Swarovski “crystalise” the sun, make it 1 billion times smaller

What Next?

Coke continue their Christmas reign

Coca-Cola has released fun new packaging in the UK that allows consumers to transform its label into a festive bow. The limited edition “bow bottles” are available from major supermarkets across its 1.75 litre range of drinks. This is the third year Coke has released a variation of what they used to call the ‘gift bottle’ in Europe, but we’re yet to see any love at home just yet. The design is simple and giftable but above all, it’s videoable. This fan video alone has racked up more than 400,000 views in 4 days:

Swarovski “crystalise” the sun, make it 1 billion times smaller

Swarovski and Design Miami designed a spherical structure 1 billionth the size of the sun. True story. The incredible El Sol installation is made of 2,880 custom Swarovski crystals, and the team invested 3 months of design and development work and 350 hours of engineering in the project. The structure also contains a sphere of LEDs that change colour in response to a video stream of the sun provided by NASA. The general consensus is that this design is pretty out of this world.

TV Ratings

X Factor final not enough to take over Block’s lead

The Block: Winner Announced – Wed Ch 9 1,818,000
Third Test – Australia V NZ Session 3 – Sun Ch 9 1,614,000
The Block: Grand Final – Wed Ch 9 1,576,000
The X Factor Grand Final: Winner Announced – Tues Ch 7 1,259,000
Third Test – Australia V NZ Session 3 – Sun Ch 9 1,219,000
The Block – Mon Ch 9 1,156,000
The X Factor Grand Final – Tues Ch 7 1,072,000
Third Test – Australia V NZ Session 3 – Fri Ch 9 1,057,000
Third Test – Australia V NZ Session 3 – Sat Ch 9 1,040,000
The X Factor – Mon Ch 7 1,034,000

The Band-Aid of the future has special healing powers

The Massachusetts Institute of Technology has invented “the Band-Aid of the future”. The bandage is made of stretchy hydrogel embedded with electronics like LED lights, temperature sensors and drug delivery channels that act depending on the person’s skin temperature, to aid wound healing. The two guys behind the design went with using hydrogel (material made of water) that can easily bond to the skin, allowing it to attach to hard-to-stick areas. Science aside, Band-Aids are used to dress wounds or cover up wounds. MIT takes it a few steps further by incorporating the healing concept within it too. Here’s a demo:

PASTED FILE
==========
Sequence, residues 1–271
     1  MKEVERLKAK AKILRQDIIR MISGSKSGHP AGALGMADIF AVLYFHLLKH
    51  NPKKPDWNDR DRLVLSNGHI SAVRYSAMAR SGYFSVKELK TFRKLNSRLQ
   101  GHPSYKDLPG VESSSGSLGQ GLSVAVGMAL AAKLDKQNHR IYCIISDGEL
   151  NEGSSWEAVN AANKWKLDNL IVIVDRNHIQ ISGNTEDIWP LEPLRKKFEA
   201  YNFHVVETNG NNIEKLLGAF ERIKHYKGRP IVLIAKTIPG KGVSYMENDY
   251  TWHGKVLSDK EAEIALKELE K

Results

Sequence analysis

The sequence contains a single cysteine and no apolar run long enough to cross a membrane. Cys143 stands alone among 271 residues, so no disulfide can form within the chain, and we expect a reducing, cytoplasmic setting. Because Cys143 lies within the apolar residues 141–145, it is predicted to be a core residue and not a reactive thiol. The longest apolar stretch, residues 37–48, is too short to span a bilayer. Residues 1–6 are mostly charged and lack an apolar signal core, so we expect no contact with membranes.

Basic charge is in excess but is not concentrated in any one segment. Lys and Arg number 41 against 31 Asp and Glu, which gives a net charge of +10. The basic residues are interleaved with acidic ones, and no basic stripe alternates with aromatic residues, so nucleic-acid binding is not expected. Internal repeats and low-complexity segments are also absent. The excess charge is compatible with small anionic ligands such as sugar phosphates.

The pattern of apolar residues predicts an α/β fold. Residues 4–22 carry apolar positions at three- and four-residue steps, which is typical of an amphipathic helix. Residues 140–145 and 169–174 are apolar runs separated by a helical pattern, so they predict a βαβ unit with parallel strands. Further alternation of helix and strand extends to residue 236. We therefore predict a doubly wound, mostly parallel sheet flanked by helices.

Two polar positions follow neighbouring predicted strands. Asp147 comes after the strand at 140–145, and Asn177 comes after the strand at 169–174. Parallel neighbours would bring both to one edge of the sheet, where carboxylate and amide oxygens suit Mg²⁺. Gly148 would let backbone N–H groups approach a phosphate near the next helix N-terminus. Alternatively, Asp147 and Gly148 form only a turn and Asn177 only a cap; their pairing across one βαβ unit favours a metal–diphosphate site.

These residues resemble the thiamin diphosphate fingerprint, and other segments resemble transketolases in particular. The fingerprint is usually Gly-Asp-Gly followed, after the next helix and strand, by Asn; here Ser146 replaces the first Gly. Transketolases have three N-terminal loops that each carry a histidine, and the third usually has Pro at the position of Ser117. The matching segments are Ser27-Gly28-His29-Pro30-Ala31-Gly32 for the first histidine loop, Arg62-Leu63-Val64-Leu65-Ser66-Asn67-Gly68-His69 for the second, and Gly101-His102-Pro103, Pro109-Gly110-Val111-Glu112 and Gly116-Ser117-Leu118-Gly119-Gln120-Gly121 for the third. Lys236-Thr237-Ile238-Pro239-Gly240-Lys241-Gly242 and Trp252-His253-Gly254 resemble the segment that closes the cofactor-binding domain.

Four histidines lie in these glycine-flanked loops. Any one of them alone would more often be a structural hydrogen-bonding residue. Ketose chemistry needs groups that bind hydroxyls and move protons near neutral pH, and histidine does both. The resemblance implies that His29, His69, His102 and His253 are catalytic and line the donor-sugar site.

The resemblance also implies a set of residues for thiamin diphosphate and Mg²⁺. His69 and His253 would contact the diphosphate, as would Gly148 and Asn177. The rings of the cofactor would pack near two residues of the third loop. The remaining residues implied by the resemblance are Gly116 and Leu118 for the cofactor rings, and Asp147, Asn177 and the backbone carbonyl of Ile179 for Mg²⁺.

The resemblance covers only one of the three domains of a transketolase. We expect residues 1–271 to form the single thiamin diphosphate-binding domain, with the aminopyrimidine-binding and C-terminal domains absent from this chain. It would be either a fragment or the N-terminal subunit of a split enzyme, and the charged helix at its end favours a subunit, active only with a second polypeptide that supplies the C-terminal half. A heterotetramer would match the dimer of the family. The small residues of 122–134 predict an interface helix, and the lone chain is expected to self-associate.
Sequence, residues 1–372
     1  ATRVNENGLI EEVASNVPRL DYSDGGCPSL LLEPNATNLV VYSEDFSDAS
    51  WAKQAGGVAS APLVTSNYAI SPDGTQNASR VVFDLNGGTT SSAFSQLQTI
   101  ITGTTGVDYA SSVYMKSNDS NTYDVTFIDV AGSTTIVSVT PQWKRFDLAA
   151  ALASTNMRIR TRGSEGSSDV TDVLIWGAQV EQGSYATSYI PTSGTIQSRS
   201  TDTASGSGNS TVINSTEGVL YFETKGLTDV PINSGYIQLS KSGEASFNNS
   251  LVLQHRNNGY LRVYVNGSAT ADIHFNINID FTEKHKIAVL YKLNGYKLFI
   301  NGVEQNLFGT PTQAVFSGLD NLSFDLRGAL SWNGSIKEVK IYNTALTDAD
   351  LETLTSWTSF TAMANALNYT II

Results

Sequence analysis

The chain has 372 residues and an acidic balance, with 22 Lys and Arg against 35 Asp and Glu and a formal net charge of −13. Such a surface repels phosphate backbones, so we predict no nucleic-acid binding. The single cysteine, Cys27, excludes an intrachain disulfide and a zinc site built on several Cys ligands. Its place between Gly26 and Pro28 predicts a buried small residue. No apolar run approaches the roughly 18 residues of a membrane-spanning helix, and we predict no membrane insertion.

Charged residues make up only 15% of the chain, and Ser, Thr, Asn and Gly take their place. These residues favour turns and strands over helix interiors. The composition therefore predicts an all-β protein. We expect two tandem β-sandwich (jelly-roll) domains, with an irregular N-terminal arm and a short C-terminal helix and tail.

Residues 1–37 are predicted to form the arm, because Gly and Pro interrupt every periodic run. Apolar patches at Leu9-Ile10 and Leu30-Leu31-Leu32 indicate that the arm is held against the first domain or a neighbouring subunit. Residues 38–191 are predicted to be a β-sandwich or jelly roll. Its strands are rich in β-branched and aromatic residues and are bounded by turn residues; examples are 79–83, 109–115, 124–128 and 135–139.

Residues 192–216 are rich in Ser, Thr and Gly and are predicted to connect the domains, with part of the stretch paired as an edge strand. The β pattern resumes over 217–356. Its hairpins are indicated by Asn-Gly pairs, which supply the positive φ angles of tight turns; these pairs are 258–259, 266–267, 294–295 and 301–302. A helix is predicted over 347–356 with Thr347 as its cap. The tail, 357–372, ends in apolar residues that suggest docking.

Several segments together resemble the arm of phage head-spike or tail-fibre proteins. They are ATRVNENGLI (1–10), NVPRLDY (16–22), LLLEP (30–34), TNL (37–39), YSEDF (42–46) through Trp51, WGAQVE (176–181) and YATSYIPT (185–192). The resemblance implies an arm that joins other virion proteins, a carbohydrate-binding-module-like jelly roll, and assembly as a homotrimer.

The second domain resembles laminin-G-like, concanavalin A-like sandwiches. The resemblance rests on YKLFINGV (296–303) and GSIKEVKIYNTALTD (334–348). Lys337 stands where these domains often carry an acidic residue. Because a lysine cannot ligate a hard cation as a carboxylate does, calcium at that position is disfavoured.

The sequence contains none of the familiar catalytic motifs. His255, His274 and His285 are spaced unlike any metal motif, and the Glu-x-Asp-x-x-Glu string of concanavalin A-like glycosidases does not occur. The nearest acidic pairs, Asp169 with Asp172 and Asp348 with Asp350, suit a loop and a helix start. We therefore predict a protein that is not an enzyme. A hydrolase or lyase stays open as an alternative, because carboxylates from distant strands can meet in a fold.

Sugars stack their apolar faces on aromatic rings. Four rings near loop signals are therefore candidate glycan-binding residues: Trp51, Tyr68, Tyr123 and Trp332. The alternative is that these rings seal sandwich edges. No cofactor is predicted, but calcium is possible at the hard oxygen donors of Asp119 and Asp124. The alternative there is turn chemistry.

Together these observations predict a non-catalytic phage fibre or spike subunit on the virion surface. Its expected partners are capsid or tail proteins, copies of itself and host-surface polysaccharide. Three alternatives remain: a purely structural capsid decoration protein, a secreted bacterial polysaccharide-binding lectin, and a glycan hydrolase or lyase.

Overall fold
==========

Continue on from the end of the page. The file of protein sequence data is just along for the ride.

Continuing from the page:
Target Australia’s catalogue receives a global applause

It’s been a contentious topic for years and finally, Target Australia have answered the cries of many by breaking away from tradition this Christmas and shining a light on ‘real women’. The retail giant’s latest catalogue features a diverse pool of beautiful women varying in sizes, body shapes and ages, much to the delight of the masses following the story on social media. Target’s Facebook page has been inundated with comments, applauding their decision. As Target spokeswoman Kristene Reynolds says it’s a small but vital step “in continuing Target’s promise to make quality style and fashion not only more affordable but also more accessible and relevant for women.” Cheers Target!

Uber cars will stick out like a sore thumb

Uber cars are coming out. San Francisco company Wrapify envisage a decal decked out future for Uber in the US, similar to what we’ve seen on the boot and back of taxis for decades. The San Francisco based company can also go one step further by including insights and metrics through GPS tracking to monitor the number of impressions made on surrounding vehicles. Understandably, drivers will receive a fair chunk of money to participate and so far the response to the trial in the US has been very positive.

Viral video of the week

Matt Moran stuffs up his lamb dish to prove an important point

This is not your typical celebrity product plug. In a spot for child accident prevention organisation, Kidsafe, the celeb chef cooked a lamb loin in a car on a hot summer’s day at Bondi to show parents that the family car could easily become a deadly oven (up to a scary 83 degrees). The terrifying demonstration about the realities of leaving kids in hot cars was terrifying to parents – enough to spread the message over social media. The video has been viewed over 3 million times on Facebook and was also shared across popular programs like The Project and the Today Show. Prepare for a scare:

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